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The overall prevalence of chronic kidney disease (CKD) is ~ 15% among adults in the United States [1]. The prevalence is comparatively lower in younger individuals (~ 6%, ~ 12% and ~ 38% for individuals in age groups 18–44, 45–64 and over 65 years receptively) [1]. A decline in glomerular filtration rate (GFR) has been associated with progression of CKD [2]. CKD is associated with significant healthcare costs, as well as morbidity and mortality, [3] and recent data suggest that even mild reductions in estimated (e)GFR is associated with adverse long-term outcomes [4,5,6]. While eGFR is measured routinely in clinical practice, urine albumin measurements are not performed as frequently [7], and individuals with eGFR > 60 ml/min/1.73 m [2] who develop early decline in kidney function often remain undiagnosed [6]. Consequently, in observational studies using electronic health record (EHR) data, a significant decline in eGFR might be a better measure of early kidney disease than a clinical diagnosis of ‘incident CKD’ [8] that requires albuminuria assessment.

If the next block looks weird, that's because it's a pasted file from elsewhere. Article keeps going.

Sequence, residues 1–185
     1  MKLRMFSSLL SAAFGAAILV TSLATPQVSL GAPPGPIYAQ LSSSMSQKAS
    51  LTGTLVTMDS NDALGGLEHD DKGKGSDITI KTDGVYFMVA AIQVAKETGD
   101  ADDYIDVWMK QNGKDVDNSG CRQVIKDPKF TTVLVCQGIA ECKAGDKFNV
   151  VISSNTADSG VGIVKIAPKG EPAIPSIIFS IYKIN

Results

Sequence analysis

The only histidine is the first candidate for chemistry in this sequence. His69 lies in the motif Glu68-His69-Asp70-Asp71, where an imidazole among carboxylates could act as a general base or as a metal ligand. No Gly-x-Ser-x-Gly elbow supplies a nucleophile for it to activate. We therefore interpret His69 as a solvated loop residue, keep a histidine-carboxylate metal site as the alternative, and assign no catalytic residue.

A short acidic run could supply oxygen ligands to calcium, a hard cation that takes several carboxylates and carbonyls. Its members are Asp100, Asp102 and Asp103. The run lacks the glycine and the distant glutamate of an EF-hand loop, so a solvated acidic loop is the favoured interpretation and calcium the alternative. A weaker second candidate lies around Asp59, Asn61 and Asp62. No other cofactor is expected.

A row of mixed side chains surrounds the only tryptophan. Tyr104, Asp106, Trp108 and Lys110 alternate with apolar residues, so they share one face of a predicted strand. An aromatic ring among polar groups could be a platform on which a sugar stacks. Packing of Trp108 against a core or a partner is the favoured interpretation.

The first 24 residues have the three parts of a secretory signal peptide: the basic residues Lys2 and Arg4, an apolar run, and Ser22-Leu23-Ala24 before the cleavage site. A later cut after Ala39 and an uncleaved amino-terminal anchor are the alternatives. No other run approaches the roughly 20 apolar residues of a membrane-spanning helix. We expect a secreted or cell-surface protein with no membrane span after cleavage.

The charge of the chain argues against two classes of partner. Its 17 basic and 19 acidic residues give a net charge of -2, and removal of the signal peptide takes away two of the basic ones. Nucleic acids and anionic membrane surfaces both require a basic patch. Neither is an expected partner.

Identifying a patient at risk for GFR decline at an early stage might provide better opportunities for focused preventive therapies. Well-established risk factors such as demographics (age, gender, & race/ethnicity) and clinical comorbidities (e.g. diabetes mellitus, hypertension, and cardiovascular disease) only partially explain overall risk for CKD [9]. There are only a few published studies that report predictors and correlates of early eGFR decline in low risk adults (young and middle-aged adults with a low comorbidity burden i.e. low prevalence of diabetes mellitus, hypertension, and cardiovascular disease) [6, 10]. Therefore, researchers and clinicians might benefit from incorporating new methods to improve risk assessment.